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Key Arrests Made in Expert Network Scandal

The Justice Department made four more arrests in its widening investigation of insider trading while a fifth pled guilty.

The Justice Department made four more arrests today in its widening investigation of insider trading while a fifth pled guilty. This completes Phase One of the government’s probe with Phase Two coming sometime in January, according to CNBC.

On Thursday, Preet Bharara, the United States Attorney for the Southern District of New York announced the details behind the arrests in the insider trading scandal.

They include another executive at an expert network firm -- James Fleishman, an executive for Primary Global. He was charged with wire fraud and conspiracy for conspiring to provide confidential information, including material, nonpublic information to the firm’s clients, including hedge funds.

Bharara also announced the arrest of Mark Anthony Longoria, who worked at Advanced Micro Devices, as a Supply Chain Manager; Walter Shimoon, a SeniorDirector of Business Development at Flextronics International, and Manosha Karunatilaka, who was employed by Taiwan Semiconductor Manufacturing as an Account Manager. All three were charged with wire fraud and conspiracy to commit securities fraud and wire fraud charges in connection with their employment as consultants for Primary Global.

In addition, Bharara announced that Daniel Devore, a former Global Supply Manager for Dell who worked as a consultant for Primary Global, pled guilty on December 10 to an Information charging him with wire fraud and conspiracy to commit wire fraud and securities fraud.

So, this means the government has not yet caught the big fish most observers are anxiously anticipating. The big catch will probably come after the holidays. For those who are anticipating an arrest, it won’t exactly be a Merry Christmas or a Happy New Year.

Thursday’s arrests shined a brighter light on the until-recently opaque world of expert networks. These are the collections of doctors and other professionals, as well as ex-corporate officials, typically brought together by boutique firms.

In November, the government’s first arrests were Don Ching Trang Chu, an executive at Primary Global Research, an “expert-networking” firm, and French doctor Yves Benhamou, the expert who was charged with engaging in insider trading, enabling hedge fund FrontPoint Partners to avoid about $30 million in losses after it learned bad news about a clinical trial for the drug Albumin Interferon Alfa 2-a.

"Today’s charges allege that a corrupt network of insiders at some of the world’s leading technology companies served as so-called ‘consultants' who sold out their employers by stealing and then peddling their valuable inside information,” said Bharara in a statement. He added that the allegations and guilty plea describe criminal conduct that “went well beyond any legitimate information-sharing or good faith business practice.”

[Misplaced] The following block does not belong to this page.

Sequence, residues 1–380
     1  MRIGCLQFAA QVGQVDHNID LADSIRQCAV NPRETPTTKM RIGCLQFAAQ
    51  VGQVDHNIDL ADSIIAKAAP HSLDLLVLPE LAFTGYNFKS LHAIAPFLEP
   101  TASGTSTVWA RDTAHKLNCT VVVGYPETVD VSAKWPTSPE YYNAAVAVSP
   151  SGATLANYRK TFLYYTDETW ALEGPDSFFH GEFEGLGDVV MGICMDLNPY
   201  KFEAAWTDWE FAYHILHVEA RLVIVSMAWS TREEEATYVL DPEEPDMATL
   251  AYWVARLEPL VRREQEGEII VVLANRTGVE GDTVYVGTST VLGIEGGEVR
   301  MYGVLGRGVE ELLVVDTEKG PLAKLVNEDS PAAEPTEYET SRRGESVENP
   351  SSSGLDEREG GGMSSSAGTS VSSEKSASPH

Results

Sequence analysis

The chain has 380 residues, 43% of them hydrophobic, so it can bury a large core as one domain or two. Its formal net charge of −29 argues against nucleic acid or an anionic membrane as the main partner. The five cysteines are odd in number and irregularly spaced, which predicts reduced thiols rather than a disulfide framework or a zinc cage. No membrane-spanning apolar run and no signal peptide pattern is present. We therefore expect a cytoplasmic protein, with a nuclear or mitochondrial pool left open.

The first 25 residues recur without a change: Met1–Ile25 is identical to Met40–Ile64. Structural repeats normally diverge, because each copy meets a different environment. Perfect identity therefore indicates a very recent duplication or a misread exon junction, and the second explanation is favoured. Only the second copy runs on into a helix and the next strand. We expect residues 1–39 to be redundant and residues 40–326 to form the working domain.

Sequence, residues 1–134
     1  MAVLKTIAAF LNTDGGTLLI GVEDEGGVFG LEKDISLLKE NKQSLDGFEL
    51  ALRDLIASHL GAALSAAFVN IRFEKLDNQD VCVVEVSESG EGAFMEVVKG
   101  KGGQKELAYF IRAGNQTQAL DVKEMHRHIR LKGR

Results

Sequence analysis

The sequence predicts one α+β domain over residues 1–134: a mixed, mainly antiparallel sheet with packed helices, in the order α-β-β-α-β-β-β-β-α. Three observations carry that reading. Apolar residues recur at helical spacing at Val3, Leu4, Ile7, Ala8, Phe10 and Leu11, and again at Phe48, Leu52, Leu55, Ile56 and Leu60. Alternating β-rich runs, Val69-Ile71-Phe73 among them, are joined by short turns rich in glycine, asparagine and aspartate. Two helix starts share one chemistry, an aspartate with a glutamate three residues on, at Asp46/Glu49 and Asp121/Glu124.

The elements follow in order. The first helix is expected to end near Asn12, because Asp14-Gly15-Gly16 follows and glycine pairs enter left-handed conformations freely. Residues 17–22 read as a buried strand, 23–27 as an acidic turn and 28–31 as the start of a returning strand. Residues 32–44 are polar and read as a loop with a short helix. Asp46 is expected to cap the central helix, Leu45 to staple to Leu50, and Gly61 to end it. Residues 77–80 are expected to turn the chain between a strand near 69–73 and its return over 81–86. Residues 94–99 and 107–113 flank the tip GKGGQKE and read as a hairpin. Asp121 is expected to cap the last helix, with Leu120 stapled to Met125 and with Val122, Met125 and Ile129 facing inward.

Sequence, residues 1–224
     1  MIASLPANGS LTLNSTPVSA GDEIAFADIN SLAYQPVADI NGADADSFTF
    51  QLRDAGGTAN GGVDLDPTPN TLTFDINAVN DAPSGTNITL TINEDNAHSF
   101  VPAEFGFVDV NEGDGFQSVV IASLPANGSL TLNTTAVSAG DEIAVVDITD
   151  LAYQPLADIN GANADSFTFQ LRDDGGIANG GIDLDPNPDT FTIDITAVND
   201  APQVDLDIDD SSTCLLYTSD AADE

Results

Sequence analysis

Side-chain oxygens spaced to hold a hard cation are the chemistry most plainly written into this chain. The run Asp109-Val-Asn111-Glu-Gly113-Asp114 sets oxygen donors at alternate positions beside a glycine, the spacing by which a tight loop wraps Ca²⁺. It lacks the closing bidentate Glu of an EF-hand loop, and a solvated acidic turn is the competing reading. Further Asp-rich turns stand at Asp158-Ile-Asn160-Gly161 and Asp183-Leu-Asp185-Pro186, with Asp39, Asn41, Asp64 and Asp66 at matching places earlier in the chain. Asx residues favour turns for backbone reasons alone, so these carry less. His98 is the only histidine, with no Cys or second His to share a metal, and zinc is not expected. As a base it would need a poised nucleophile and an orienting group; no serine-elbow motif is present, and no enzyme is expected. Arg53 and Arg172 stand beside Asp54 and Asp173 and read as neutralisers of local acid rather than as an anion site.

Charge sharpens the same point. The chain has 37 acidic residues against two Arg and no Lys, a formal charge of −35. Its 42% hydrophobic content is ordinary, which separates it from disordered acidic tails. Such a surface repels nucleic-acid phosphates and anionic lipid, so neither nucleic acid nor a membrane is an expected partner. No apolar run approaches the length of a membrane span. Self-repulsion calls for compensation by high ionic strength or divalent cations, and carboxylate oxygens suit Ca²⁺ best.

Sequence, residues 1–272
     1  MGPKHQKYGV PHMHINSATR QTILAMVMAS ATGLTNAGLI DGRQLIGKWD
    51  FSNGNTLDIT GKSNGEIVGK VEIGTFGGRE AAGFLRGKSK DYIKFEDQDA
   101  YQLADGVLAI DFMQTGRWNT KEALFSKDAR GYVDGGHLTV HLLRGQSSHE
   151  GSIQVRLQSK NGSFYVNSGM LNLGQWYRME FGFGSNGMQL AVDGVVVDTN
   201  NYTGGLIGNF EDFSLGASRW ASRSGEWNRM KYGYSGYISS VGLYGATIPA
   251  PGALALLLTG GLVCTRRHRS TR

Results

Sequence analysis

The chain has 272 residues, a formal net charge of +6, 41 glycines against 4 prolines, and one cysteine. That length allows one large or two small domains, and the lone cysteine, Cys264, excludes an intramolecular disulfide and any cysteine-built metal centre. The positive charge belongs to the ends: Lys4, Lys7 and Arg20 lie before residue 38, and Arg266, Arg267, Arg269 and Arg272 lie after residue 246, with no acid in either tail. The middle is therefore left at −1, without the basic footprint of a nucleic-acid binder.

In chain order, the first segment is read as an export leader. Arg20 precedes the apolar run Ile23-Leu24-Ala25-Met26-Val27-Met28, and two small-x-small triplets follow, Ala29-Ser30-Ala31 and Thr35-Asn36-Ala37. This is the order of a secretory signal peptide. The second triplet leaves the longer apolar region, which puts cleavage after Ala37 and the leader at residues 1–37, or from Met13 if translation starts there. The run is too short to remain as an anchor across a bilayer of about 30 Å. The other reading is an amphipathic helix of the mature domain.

He also signaled that many more arrests are coming, asserting: “Over the next many months and beyond, we will continue to enforce the law, police the market, and protect honest businesses and their shareholders by working methodically with the FBI and SEC to root out corporate corruption and insider trading."

According to the announcement, Primary Global paid more than $400,000 to the four individuals to participate in phone calls with firm clients, including hedge funds.

The government noted that Primary Global’s experts have “real-world experience” in industries such as healthcare, technology, media, telecommunications, retail, manufacturing, energy and aerospace.

The consultants speak one-on-one with clients “to provide up-to-the-minute intelligence on trends, issues, regulations and dynamics affecting a particular company, product or industry," the government explained. It noted the consultants can earn hundreds of dollars per hour or per call from the firm for their consultations with clients. The clients, which include hedge funds, often paid “tens of thousands of dollars” per year for access to the consultant network and services.

Two big question are: What effect the probe will have on expert networks and their clients? Are clients running away from these firms?

Not yet, says Michael Mayhew, chairman of Integrity Research, a New York–based firm that helps asset managers identify and manage their research. He says that Primary Global, of course, will be heavily impacted since it has publicly been caught up in the insider trading scandal since November.

However, Myhew does not believe other companies have been adversely affected yet. He should know. A year ago his firm warned hedge funds, expert networks and other players about the importance of compliance and the risks of not having strict controls over their use of these experts. The firm asserted in a 143-page report based on an extensive survey of industry participants that most analysts and portfolio managers are not overly concerned or informed about compliance in the otherwise unregulated business. In fact, the report said 18 of 38 firms did not even discuss with his firm their compliance policies.

Primary Global, however, did discuss compliance with him. And Mayhew says the firm’s policies as written were actually very good. But, even that is not enough to prevent individuals from breaking the law. “You can have great policies and procedures, but if you don’t execute them, they are not worth the paper they are printed on,” he stresses.

Mayhew is well aware that if additional companies are identified in the insider trading investigation, this could become the death knell for the expert network business. “I would fear that anyone we use is a risk,” he concedes. “It would be very difficult for the industry.

In fact, its mere existence is on the line. Brace for Phase Two.

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